Few previous studies have examined fine-grained variation in the structure of alarm calls, as distinct from differences between call types, and most of these have focused on information content (eg level of predation threat). We focused on the design of aerial alarm calls in male fowl, Gallus gallus, with the goal of explaining observed changes in call structure during encounters with simulated predators. These calls typically begin with one or more shot pulsatile elements, which are followed by a sustained element consisting of one or more units. We analysed bouts of aerial alarm calling from 30 individual roosters, measuring duration, dominant frequency and frequency bandwidth (-10dB), for all pulse and sustained elements. Pulse duration was significantly reduced between first, second and third calls in a bout. This change was highly selective. Both mulivariate analyses of other features and spectrogram cross-correlation reveal that pulse reduction was not accompanied by other variation in structure. Recent studies have shown that raptors can detect the aerial alarm calls of G. gallus, but that they cannot easily locate the source of the call. Nevertheless, the pulse element of the aerial alarm call has spectral and temporal characteristics known to be readily localisable by raptors, and hence costly. By reducing the duration of the pulse, the caller likely reduces his conspicuousness and thus manages predation risk. We suggest a possible functional benefit to account for the inclusion of a high-risk element in aerial alarm calls.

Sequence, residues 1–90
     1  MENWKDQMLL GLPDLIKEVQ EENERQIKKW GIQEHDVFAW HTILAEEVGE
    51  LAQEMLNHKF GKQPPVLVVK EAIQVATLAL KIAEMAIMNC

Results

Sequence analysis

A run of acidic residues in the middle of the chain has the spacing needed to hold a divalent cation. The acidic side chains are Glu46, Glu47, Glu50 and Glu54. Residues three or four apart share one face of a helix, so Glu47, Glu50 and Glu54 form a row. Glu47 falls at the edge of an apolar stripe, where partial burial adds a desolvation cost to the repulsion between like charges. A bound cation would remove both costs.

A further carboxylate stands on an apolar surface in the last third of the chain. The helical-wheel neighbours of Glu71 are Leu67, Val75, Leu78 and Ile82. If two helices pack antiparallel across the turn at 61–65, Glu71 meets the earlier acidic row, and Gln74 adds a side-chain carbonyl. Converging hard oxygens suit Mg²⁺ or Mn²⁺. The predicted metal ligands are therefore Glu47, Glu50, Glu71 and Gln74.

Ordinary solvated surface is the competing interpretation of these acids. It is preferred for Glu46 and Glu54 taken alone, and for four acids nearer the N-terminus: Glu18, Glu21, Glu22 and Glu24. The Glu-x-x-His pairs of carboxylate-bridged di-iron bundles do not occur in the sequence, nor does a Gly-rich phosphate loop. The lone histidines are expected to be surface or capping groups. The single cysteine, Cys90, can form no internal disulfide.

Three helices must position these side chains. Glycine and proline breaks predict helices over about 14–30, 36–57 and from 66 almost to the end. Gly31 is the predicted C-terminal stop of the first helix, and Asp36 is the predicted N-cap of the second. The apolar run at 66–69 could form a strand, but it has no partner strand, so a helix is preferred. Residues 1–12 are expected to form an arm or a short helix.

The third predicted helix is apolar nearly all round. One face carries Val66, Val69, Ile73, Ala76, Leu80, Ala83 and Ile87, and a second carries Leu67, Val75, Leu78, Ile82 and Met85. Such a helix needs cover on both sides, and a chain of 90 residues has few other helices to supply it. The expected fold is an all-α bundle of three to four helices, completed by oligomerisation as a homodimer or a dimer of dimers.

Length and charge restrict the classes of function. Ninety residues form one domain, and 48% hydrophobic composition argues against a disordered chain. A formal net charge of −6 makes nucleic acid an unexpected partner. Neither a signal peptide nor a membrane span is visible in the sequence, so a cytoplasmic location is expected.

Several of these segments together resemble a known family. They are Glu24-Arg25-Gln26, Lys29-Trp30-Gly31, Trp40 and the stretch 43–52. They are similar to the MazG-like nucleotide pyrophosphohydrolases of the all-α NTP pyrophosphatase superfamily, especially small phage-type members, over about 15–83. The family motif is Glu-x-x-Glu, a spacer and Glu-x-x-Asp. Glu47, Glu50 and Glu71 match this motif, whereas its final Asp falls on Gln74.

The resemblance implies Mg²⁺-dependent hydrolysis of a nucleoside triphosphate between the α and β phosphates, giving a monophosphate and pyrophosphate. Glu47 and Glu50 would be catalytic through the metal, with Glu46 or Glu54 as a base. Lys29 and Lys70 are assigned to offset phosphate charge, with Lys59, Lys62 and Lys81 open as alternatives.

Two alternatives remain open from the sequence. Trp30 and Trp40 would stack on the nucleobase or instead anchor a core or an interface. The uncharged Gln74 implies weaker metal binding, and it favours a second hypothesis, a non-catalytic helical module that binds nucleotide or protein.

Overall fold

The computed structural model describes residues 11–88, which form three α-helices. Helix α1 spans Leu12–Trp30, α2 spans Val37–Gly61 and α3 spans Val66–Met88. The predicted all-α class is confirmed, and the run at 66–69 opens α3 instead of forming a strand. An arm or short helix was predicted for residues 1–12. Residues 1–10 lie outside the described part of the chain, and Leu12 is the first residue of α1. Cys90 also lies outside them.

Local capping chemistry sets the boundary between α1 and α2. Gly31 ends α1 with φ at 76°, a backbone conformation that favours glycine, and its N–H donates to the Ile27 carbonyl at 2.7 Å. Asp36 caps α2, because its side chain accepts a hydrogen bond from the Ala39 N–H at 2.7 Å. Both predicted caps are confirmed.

|Number of pages||1|
|Publication status||Published - 2001|
|Event||28th Annual Conference of the Australasian Society for the Study of Animal Behaviour - University of Queensland, Brisbane, Australia|
Duration: 19 Apr 2001 → 21 Apr 2001
|Conference||28th Annual Conference of the Australasian Society for the Study of Animal Behaviour|
|Period||19/04/01 → 21/04/01|
Bayly, K., & Evans, C. (2001). Aerial alarm calls and fitness in male fowl (Gallus gallus). 21-21. Abstract from 28th Annual Conference of the Australasian Society for the Study of Animal Behaviour, Brisbane, Australia.